I decided therefore that my Helldiver would be painted as a four-colour overpaint if for no other reason than it’s different; and that it is possibly, probably, I’d even argue likely, to be correct in that scheme.

I’m curious as to what you might think, please feel free to let me know in the comments below.

References and Credits

All references and credits are contained within the hyperlinked threads on the Hyperscale and Britmodeller forums.

Copyright:  I claim original work and Copyright 2020 for the text in this article and the photos of the model.  As usual though, I am indebted for the material used in research listed above in the References and Credits section. Except where noted otherwise, I sourced all other images and photos from the internet and are used under fair-use.  Any copyrighted images will be removed or credited forthwith upon request by its rightful owner.

12 thoughts

  1. “If this is an overall GSB aircraft I would expect it to have far less contrast between the fuselage side and wing surface.”

    I don’t have a particular answer on this dilemma, and I did see the discussion on Hyperscale. But the above quote does contain a caution- watch out for what you “expect” when interpreting information!

    Liked by 1 person

    1. Definitely Bob. Confirmation bias for sure plays a part in these dilemmas. In my case, I know I’m predisposed to looking for something unusual.


  2. I was under the impression that both the graded scheme and the overall GSB scheme were factory schemes. Is there direct evidence that aircraft issued in the graded scheme were ever repainted in the GSB scheme? For example, the F6F-3 received the graded scheme at the factory, the change in production to the F6F-5 coincided with the change to the GSB scheme so an F6F-3 in the GSB scheme would either be an exception to the paradigm or a repaint. Not saying it never happened but I’ve not heard of it, maybe a depot somewhere was doing it?

    Liked by 1 person

    1. Hi Jeff, thanks for the comment. I doubt it was a depot thing, I’m assuming it was done on the boat.

      I hadn’t heard of repaints either, but I think the pics say it could have happened; my case is that these pics show it to be plausible. In any event, I take photo evidence over documentation because a photo at least shows *something* tangible, even if it’s open to interpretation.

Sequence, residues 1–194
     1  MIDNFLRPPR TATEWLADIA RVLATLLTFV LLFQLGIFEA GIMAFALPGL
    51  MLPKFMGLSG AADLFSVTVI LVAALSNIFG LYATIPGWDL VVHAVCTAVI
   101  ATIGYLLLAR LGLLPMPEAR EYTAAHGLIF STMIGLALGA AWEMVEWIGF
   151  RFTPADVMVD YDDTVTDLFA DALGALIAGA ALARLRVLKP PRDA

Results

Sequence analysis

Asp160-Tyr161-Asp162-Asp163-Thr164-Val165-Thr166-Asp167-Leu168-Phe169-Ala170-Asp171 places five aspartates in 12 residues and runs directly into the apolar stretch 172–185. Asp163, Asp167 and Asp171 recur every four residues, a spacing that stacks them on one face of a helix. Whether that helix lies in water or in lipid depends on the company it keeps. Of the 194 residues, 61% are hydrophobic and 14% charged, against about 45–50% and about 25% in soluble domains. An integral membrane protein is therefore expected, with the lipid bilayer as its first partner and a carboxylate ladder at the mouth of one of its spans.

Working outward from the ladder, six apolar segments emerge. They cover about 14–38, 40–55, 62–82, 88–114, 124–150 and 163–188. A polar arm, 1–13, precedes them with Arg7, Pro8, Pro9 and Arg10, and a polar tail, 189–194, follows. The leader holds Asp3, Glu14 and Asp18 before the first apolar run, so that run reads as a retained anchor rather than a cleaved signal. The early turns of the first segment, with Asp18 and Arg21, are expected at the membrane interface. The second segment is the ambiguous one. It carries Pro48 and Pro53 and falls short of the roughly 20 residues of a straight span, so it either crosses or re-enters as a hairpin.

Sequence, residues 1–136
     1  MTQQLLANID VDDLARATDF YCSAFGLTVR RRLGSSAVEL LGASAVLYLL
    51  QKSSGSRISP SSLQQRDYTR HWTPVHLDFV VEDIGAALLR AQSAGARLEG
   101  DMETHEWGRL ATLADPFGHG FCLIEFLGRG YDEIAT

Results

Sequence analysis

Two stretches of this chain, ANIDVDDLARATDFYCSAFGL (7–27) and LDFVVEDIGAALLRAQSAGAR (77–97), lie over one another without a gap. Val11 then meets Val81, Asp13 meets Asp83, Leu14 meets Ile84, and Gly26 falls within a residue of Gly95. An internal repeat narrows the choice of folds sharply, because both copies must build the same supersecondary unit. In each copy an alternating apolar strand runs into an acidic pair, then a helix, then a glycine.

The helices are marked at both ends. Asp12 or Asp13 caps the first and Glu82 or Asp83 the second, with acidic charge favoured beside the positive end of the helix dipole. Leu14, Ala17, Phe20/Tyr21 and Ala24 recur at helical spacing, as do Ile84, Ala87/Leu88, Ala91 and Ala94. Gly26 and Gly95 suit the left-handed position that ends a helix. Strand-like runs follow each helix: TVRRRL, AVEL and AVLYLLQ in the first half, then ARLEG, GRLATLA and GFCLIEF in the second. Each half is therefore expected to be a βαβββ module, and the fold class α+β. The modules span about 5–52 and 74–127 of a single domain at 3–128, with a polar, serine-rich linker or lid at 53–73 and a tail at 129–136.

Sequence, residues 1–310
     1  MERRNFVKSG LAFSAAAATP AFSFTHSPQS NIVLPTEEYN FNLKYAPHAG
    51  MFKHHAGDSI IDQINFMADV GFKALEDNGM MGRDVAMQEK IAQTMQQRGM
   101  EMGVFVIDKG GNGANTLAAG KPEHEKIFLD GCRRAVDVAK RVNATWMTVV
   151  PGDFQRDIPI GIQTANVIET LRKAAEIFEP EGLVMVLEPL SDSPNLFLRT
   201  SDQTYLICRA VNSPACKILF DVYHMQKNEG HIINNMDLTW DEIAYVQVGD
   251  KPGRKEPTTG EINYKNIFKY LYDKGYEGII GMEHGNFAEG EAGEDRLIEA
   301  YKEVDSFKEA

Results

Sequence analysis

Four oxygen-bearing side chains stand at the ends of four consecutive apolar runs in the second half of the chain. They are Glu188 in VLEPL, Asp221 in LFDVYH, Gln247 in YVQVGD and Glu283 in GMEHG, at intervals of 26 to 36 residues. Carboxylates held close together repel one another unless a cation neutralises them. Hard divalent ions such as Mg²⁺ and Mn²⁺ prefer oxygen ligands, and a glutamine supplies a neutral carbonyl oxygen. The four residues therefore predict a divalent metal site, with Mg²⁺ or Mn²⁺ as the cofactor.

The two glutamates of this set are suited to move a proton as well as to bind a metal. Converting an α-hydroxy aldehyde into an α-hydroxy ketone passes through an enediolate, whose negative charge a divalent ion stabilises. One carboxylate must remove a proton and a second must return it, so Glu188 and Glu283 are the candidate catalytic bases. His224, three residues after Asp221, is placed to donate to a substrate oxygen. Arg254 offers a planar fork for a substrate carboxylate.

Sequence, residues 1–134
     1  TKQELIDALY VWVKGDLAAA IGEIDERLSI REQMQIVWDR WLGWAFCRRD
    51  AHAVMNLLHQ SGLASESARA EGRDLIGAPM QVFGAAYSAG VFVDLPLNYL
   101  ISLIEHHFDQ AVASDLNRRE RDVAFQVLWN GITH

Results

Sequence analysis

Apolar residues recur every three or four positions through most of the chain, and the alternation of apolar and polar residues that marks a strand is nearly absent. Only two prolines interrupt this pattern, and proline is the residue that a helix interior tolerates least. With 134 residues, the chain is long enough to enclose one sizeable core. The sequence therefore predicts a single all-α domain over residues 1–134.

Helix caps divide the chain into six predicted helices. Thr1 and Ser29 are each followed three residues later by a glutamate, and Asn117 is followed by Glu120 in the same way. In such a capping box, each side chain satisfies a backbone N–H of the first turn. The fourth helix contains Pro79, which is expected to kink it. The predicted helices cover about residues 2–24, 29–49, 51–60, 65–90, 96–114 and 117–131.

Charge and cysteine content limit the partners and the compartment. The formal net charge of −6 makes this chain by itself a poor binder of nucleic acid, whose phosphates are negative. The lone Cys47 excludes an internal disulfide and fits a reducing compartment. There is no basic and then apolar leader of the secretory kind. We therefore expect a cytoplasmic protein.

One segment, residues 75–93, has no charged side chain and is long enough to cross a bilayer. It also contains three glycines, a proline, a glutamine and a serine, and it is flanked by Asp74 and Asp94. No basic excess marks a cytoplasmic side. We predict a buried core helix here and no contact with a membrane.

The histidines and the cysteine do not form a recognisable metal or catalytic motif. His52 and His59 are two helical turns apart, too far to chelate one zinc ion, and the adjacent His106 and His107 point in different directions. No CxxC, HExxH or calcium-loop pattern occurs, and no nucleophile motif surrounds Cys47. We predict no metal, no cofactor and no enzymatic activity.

Liked by 1 person

  3. The photo of #95 is very interesting, and I think it is interesting that we tend to become embedded in a position with respect to paint schemes or colors because that has become the prevailing view over the years without giving consideration of other possibilities to explain what you see in photos that make us scratch our heads. Did Curtiss make the decision to exhaust their stock of semi-gloss Sea Blue before they started painting planes overall GSB? Were paint specifications handed down by the Navy strictly followed at the factory? Unfortunately, there is rarely documentation to validate possible explanations that differ from the prevailing view. Build and paint the model as to what you see.

    Liked by 1 person

  4. Thanks for this thread and research. I am exploring the same color. I’d like to build a model for a friend whose father was a tail gunner on an SB2C on the Bennington. I wish I asked him while he was alive. I did ask him once how he kept from shooting off the tail while being chased. He said, Well Pete, you let go of the trigger when you come to the tail, then press it again once you’re past it. ( or something to that effect)

    Liked by 1 person

    1. Thanks Peter, I’m glad it’s been of some use. I revisit this one from time to time and still think my hypothesis holds up, but of course it’s all conjecture in the end. I’m sure your SB2C will be a great tribute to your father’s friend. Cheers.